LESSON 1
Vectors in the Plane and in Space
READ:
Sections 13.1, 13.2
NOTES:
The notion of a 3dimensional coordinate system is most likely familiar to you, and you’ve probably met
vectors before, perhaps in a physics course. The main purpose of these two sections is to quickly review
those ideas, and to establish the notation we’ll be using throughout the rest of the book.
The distance between two points in 3space is given by the length of the diagonal of the rectangular box having
those points as opposite corners, as shown in ﬁgure 4, page 667 of the text. That diagonal is the hypotenuse of
a right triangle. One side of the triangle is an edge of the box, and the other side is the diagonal of one of the
faces of the box. The diagonal of the face is itself the hypotenuse of a right triangle. First use the Pythagorean
Theorem to compute the length of the face diagonal. Then use the Pythagorean Theorem again to calculate
the length of the diagonal of the box. The result is that if
P
is the point (
x
1
,y
1
,z
1
) and
Q
is the point
(
x
2
,y
2
,z
2
) then the distance between
P
and
Q
is given by

PQ

=
p
(
x
2

x
1
)
2
+ (
y
2

y
1
)
2
+ (
z
2

z
1
)
2
.
A sphere is made up of all the points at a ﬁxed distance (called the
radius
of the sphere) from a certain ﬁxed
point (that point is called the
center
of the sphere of course). The distance formula derived above can be used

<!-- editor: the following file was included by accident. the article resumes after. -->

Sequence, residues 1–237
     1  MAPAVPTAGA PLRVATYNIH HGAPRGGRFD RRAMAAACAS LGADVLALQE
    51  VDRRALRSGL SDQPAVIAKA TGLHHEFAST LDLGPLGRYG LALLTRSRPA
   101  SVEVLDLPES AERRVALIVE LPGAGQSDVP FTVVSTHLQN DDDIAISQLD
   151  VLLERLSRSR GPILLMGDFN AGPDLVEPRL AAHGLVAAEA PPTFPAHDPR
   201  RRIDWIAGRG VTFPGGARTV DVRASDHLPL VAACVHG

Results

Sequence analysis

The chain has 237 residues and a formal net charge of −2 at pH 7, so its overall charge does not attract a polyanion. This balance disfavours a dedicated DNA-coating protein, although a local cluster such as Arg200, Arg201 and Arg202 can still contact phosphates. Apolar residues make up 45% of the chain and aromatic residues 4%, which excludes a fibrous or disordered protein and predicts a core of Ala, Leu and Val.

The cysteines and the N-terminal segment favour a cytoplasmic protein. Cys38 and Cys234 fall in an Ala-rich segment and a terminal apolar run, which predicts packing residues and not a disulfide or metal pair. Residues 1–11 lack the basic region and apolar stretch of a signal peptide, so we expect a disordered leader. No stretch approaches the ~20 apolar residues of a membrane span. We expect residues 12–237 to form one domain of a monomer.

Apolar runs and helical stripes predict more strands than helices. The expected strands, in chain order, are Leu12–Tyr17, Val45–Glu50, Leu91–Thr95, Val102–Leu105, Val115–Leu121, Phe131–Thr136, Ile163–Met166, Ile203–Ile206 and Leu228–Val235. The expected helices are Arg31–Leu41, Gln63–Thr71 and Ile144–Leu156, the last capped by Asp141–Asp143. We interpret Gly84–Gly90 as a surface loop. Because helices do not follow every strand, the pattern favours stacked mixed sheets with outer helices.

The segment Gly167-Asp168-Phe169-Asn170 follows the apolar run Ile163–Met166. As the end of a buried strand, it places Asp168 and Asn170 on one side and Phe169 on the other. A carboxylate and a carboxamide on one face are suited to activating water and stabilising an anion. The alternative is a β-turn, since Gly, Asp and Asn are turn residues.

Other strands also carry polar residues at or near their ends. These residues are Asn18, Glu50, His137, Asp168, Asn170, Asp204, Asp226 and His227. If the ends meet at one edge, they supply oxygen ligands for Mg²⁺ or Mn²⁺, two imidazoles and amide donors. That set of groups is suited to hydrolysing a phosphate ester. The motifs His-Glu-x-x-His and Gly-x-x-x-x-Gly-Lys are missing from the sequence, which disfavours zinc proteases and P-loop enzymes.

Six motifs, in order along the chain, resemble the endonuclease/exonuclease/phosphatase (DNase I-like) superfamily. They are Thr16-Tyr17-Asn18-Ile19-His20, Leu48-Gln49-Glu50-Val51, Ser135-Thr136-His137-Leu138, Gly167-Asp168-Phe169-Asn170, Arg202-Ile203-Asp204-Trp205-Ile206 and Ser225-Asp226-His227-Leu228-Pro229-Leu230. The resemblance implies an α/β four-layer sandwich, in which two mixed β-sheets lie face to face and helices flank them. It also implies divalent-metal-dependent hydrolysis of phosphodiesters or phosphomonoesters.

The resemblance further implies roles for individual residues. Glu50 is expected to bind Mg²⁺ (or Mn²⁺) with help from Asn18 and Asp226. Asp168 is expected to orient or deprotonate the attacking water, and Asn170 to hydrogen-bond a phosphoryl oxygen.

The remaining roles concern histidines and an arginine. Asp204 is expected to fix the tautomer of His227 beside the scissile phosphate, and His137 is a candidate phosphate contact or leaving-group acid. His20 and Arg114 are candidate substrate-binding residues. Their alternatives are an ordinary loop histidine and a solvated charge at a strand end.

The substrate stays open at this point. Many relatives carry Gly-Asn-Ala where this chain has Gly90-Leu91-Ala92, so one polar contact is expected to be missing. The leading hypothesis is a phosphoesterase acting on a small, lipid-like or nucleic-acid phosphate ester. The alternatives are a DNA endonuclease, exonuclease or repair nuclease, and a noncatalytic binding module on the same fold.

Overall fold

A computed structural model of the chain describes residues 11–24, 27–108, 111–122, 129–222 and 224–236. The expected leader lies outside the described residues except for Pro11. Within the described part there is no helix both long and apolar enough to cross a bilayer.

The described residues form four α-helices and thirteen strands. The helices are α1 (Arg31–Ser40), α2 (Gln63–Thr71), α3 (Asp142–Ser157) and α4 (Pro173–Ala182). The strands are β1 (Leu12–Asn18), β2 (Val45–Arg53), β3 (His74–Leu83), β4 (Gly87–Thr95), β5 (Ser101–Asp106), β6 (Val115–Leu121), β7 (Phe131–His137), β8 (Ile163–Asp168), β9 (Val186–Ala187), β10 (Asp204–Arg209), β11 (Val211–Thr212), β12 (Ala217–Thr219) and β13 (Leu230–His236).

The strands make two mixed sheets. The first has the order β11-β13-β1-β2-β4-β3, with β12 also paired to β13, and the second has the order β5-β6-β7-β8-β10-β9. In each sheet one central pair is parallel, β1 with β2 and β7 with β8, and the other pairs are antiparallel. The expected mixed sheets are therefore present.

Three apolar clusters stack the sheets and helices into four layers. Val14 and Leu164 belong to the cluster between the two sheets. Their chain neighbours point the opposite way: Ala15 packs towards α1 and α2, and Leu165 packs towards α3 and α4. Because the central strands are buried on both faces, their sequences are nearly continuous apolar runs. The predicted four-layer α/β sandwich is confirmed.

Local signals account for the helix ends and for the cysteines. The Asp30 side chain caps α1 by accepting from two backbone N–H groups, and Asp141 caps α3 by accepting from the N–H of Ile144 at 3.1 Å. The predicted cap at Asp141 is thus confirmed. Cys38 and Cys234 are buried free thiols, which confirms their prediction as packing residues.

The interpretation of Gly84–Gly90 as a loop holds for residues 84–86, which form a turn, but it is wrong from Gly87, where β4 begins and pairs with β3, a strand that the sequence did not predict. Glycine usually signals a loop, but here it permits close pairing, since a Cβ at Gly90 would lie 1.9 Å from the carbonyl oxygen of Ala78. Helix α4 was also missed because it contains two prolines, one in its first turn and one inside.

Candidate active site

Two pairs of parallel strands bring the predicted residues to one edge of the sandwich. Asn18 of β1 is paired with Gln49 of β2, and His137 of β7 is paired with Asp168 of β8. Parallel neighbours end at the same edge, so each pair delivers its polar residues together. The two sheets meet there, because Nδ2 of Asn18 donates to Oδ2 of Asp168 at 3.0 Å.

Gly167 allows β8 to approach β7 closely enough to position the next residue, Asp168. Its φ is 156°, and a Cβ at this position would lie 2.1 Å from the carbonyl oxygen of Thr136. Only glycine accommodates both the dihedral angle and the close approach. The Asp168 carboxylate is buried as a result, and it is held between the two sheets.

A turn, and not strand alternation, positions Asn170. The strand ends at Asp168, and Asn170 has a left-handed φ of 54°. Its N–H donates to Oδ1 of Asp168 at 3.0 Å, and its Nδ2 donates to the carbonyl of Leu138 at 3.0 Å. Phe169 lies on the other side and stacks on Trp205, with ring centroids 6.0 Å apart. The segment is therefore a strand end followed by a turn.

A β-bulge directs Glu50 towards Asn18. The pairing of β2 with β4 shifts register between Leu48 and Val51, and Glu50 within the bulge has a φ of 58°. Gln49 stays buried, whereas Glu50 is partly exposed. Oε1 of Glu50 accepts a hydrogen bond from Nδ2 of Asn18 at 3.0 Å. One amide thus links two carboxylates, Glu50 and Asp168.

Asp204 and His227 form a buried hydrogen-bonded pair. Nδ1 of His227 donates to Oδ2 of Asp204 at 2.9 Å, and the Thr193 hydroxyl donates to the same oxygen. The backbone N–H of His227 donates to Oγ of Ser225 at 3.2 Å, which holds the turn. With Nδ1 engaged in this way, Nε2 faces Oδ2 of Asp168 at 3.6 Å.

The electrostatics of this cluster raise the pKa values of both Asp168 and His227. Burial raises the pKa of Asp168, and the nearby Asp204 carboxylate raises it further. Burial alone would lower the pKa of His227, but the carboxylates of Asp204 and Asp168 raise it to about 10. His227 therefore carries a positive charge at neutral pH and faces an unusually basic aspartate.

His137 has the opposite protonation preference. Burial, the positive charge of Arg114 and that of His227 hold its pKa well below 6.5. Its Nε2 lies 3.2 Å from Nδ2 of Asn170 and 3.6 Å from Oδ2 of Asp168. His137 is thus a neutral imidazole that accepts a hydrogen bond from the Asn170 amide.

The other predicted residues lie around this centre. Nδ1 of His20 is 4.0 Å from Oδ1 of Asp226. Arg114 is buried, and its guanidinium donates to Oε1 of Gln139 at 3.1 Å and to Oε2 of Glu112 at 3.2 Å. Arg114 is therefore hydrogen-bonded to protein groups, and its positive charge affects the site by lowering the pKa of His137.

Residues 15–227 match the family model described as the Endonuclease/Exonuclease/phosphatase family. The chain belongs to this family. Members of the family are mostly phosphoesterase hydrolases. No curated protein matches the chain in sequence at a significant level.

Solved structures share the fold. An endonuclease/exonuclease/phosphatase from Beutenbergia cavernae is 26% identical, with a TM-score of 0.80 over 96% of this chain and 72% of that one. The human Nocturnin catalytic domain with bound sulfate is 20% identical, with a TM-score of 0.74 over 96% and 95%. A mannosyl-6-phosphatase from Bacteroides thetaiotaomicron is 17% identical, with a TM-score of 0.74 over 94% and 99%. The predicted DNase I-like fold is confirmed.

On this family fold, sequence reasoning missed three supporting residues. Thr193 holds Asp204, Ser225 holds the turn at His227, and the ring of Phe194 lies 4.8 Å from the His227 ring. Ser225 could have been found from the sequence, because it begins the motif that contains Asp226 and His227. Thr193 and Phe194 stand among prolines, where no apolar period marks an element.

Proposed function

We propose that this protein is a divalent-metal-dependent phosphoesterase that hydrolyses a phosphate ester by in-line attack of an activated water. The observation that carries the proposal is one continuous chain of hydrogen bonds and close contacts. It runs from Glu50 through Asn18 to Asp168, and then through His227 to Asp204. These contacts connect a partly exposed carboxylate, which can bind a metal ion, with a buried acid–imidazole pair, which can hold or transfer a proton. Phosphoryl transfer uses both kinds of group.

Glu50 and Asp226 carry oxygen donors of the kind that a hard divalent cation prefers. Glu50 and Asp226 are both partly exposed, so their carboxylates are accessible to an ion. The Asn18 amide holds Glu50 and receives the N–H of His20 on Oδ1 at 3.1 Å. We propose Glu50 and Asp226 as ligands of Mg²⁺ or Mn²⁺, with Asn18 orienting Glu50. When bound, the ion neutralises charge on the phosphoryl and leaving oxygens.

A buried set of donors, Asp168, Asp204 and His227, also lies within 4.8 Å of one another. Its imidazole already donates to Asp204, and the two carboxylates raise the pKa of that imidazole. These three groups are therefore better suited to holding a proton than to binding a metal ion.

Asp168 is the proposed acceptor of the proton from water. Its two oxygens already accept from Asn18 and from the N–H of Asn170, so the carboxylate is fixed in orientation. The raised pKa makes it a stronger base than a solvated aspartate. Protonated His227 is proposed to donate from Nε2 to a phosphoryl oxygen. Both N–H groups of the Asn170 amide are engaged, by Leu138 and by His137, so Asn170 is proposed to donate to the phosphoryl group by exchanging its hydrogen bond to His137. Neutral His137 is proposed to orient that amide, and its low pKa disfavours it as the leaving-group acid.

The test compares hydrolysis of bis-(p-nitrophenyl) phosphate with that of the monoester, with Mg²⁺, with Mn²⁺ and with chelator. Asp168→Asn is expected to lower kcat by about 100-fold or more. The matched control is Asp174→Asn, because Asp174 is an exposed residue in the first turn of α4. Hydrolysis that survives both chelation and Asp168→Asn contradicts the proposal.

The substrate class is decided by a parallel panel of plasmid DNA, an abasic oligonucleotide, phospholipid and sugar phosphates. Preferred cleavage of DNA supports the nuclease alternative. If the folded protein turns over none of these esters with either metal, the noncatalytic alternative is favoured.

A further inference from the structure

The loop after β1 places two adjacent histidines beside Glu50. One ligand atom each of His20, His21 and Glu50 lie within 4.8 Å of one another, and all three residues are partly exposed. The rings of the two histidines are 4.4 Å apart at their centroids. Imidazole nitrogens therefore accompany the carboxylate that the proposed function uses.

to write down an equation for the sphere with radius
r
and center at the point
C
= (
a,b,c
). In fact, the point
P
= (
x,y,z
) will be on the sphere if and only if

CP

=
r
, and according to the distance formula above, that
is the same as
p
(
x

a
)
2
+ (
y

b
)
2
+ (
z

c
)
2
=
r
, or a little more neatly, (
x

a
)
2
+(
y

b
)
2
+(
z

c
)
2
=
r
2
.
That certainly looks a lot like the equation of the 2space analog of the sphere (that is, the circle).
Vectors
are used in physics to represent a quantity that has both a magnitude and a direction associated
with it (in other words, a quantity that can be meaningfully represented by an arrow). Examples of vector
quantities are forces (10 lbs directed downwards, for example) and velocity (3 feet per second, heading
northwest). A visual representation of a vector can be provided by an arrow joining two points, say
P
and
Q
, in space. The magnitude of the vector is represented by the distance between the points, and the direction
of the vector is indicated by the straight line from the ﬁrst point,
P
, to the second point,
Q
.
In writing the vector from
P
to
Q
, we’ll use the notation
→
PQ
, and we’ll draw an arrow from
P
(the
initial
point of the vector) to
Q
(the
terminal
point of the vector). Two vectors are called
equal
if they have the
same magnitude and the same direction. The particular initial and terminal points are not important as far
as the vector is concerned. If two arrows have the same length and are parallel (and pointing in the same